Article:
Business Development Associate, Scytl — We are looking for Business Development Associate to work hand in hand with our Director of US Sales. You will have control over your day and how you get it done but the goal each week of developing qualified leads and booking sales appointments, completing Net Promoter surveys and being the central hub of a busy sales team. Some of your daily/weekly tasks include: Generate and qualify leads through cold calling, online prospecting, and marketing campaign collaboration; Lead management and data management in Salesforce; Conduct initial sales presentations and product demos via the phone and internet; Produce activity reports by documenting all activity into Salesforce and properly communicating data to management; Net Promoter surveys; New market and project research; Event organization and coordination with marketing; and be part of something amazing. Application: For the complete job listing and to apply, click here.
Campus Outreach Lead, Democracy Works— As campus outreach lead, you will sustain and grow the TurboVote higher education partnerships program. You will be responsible for renewing contracts with existing higher education partners and bringing on new partners by generating leads, carrying those leads through necessary follow up tasks, and formalizing partnerships with signed contracts. In this role, you will build relationships with key stakeholders at colleges and universities, as well as with fellow nonprofit organizations that support civic engagement at colleges and universities. You’ll become an expert in the world of higher education and cultivate a passion for promoting civic engagement. Also, you will persistently navigate the bureaucracy of external organizations. Salary: $50,000 to $65,000. Application: For the complete job listing and to apply, click here.
Certification Manager (Denver, CO) – Dominion Voting Systems — Dominion Voting Systems is seeking a Certification Manager to join our team in Denver, CO! This position is a cross -functional leader playing a key role in managing certification efforts for Dominion Voting products. In this role, you will act as a representative of the company with State and Federal certification officials, test labs, and other key internal and external stakeholders throughout the certification process. Application: For the complete job listing and to apply, click here.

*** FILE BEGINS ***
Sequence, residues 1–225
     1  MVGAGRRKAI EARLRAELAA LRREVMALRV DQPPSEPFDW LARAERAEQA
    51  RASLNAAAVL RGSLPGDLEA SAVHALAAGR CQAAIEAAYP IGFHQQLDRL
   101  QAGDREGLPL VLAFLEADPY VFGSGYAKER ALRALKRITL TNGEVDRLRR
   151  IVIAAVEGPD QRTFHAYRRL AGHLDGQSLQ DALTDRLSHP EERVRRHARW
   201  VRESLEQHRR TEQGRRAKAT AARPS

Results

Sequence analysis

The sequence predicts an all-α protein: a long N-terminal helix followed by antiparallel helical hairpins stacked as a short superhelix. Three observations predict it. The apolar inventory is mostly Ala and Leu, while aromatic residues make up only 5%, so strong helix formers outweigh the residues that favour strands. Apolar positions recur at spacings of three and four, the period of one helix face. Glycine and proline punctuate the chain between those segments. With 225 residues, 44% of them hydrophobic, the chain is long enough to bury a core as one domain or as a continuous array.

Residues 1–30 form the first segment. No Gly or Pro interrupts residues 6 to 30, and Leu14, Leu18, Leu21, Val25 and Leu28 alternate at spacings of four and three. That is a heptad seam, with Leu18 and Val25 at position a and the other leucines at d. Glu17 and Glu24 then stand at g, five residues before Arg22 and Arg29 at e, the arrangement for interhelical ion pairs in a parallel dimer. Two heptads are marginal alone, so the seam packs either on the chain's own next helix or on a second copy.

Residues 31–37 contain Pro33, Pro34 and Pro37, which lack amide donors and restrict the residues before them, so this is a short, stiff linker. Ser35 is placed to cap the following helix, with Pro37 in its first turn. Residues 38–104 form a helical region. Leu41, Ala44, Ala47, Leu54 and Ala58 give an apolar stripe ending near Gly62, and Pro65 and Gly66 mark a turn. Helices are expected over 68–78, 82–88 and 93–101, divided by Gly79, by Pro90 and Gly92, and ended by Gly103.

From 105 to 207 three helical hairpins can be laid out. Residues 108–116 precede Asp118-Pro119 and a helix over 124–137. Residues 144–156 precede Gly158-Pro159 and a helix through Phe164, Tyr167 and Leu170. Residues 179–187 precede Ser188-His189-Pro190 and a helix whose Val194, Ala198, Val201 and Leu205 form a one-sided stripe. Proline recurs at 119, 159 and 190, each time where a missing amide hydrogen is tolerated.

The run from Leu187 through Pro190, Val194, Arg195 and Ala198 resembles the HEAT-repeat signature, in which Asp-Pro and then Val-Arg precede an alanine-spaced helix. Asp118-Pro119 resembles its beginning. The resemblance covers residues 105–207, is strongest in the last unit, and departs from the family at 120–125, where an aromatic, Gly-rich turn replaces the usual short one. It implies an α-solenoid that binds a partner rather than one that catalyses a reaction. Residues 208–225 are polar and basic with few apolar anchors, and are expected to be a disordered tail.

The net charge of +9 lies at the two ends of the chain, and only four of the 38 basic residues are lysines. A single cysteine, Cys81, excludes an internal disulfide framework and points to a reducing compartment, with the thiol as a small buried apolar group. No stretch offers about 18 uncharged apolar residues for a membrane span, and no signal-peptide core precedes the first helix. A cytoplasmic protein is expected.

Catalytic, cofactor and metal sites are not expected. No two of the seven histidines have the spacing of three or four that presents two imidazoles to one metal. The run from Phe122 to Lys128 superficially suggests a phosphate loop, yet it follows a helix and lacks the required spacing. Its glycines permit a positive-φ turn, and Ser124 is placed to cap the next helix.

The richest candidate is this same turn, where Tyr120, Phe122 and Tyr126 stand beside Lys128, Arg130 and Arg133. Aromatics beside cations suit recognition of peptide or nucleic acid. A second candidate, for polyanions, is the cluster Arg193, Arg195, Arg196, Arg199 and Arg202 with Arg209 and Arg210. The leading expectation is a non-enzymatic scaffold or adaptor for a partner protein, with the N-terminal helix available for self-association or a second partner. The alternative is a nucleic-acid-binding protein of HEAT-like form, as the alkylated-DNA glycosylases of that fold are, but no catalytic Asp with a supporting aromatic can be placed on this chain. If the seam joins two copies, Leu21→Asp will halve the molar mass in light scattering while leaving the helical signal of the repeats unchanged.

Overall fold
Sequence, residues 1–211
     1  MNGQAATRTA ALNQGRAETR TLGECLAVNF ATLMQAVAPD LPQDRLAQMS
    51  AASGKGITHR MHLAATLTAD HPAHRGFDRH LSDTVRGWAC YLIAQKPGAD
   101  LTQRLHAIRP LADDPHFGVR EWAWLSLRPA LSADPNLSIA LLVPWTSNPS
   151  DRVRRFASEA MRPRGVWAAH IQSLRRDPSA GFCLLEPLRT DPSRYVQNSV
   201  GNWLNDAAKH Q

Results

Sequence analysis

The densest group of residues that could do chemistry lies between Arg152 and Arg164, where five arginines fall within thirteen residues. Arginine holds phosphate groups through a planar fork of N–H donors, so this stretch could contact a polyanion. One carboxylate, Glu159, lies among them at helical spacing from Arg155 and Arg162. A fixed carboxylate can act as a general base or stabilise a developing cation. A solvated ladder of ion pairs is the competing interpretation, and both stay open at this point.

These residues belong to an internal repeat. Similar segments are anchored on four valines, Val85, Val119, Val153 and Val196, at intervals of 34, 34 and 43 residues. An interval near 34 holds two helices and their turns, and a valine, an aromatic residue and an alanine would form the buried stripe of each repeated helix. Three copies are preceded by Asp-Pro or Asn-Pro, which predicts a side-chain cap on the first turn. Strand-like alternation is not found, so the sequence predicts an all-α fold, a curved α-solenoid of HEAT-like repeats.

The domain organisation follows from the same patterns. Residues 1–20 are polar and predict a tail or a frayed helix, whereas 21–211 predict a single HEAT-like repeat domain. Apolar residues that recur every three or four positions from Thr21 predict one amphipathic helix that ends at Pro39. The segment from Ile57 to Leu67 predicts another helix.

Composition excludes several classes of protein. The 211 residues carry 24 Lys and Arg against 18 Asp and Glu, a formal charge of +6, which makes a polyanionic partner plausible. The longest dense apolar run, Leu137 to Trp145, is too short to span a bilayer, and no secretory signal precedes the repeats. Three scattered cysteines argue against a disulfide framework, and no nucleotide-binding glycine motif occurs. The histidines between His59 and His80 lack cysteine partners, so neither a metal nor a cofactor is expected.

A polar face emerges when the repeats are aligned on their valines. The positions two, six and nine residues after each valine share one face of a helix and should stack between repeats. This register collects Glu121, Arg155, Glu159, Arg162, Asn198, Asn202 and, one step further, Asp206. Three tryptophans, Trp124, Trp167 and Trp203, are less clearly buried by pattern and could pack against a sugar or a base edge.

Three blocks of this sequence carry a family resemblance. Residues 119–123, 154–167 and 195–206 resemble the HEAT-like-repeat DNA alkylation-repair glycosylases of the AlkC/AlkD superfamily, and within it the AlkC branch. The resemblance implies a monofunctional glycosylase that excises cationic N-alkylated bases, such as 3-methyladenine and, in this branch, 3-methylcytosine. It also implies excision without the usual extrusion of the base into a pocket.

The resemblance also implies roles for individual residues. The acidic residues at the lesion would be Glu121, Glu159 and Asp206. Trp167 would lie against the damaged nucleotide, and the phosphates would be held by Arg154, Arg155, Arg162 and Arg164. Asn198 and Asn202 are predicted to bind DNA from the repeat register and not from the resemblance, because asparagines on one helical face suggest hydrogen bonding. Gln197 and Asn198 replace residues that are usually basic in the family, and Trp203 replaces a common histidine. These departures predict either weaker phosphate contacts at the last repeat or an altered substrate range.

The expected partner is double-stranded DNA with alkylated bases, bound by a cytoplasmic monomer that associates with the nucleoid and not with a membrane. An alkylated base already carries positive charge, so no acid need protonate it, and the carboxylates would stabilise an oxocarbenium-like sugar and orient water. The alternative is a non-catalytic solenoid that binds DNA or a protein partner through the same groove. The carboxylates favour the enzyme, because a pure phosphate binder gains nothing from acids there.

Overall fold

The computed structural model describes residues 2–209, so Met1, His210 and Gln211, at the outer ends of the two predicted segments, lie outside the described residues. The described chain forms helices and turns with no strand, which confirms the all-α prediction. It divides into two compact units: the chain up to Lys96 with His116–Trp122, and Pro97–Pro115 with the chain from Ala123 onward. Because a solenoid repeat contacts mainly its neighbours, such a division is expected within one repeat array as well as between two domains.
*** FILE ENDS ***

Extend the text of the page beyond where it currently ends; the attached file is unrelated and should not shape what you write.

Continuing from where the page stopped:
Chief Information Officer, Virginia Department of Elections— Are you a leader in Information Technology Services? Do you have a passion for strategic IT Operations in the public sector? The Virginia Department of Elections may have an opportunity just for you! This position will serve as the Chief Information Officer for the Department of Elections (ELECT) in an executive leadership role. Responsible for the oversight of business operations, system development, database management, IT Governance, and systems security. This position will lead the agency in the management and delivery of strategic technology services that includes disaster recovery, security, IT strategic planning, budget, application and system configuration and change. Also, this position plans, organizes, and controls all activities of Elections information services and technology to ensure the effective, efficient, and secure operations of all automated data processing systems; and provide access to election information for all internal and external stakeholders. Salary: Up to $150,000. Application: For the complete job listing and to apply, click here.
Clerk of the Board/Elections Director, Santa Cruz County, Arizona — Under the direction of the Santa Cruz County Board of Supervisors and guidance from the Santa Cruz County Manager, performs statutory duties of the Clerk of the Board pursuant to ARS 11-241 and other statutory duties, to include preparing, publishing and posting the agenda for the Board of Supervisor meetings. Under limited supervision, performs work of considerable difficulty to plan, organize, coordinate, direct and manage all activities of the Santa Cruz County Elections Department in compliance with applicable laws, rules and regulations. This is an at-will position. Plans, organizes, coordinates, directs and manages all activities of the Santa Cruz County Elections Department in compliance with applicable laws, rules, and regulations; oversees daily operations and programing; develops and administers departmental budget and oversees expenditures, develops and administers training and education for election staff and volunteers. Develops and implements procedural and technical improvements as they relate to elections; ensures quality control of all aspects of election from ballot production to public information; manages projects, coordinates with other county/state departments and outside vendors. Salary: $69,186. Application: For the complete job listing and to apply, click here.